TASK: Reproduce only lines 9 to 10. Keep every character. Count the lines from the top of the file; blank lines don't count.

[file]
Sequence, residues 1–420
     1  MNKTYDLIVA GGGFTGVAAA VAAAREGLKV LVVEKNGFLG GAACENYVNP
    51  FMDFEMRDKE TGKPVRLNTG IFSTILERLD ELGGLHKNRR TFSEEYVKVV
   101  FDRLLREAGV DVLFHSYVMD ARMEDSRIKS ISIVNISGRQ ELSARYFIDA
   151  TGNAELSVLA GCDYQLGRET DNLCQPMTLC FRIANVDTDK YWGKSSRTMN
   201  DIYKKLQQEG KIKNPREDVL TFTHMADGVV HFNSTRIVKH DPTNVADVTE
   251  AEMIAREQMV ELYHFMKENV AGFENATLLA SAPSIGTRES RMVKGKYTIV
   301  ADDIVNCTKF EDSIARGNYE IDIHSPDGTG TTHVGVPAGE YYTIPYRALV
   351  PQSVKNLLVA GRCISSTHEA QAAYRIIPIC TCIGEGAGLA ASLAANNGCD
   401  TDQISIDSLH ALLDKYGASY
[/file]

   351  PQSVKNLLVA GRCISSTHEA QAAYRIIPIC TCIGEGAGLA ASLAANNGCD
   401  TDQISIDSLH ALLDKYGASY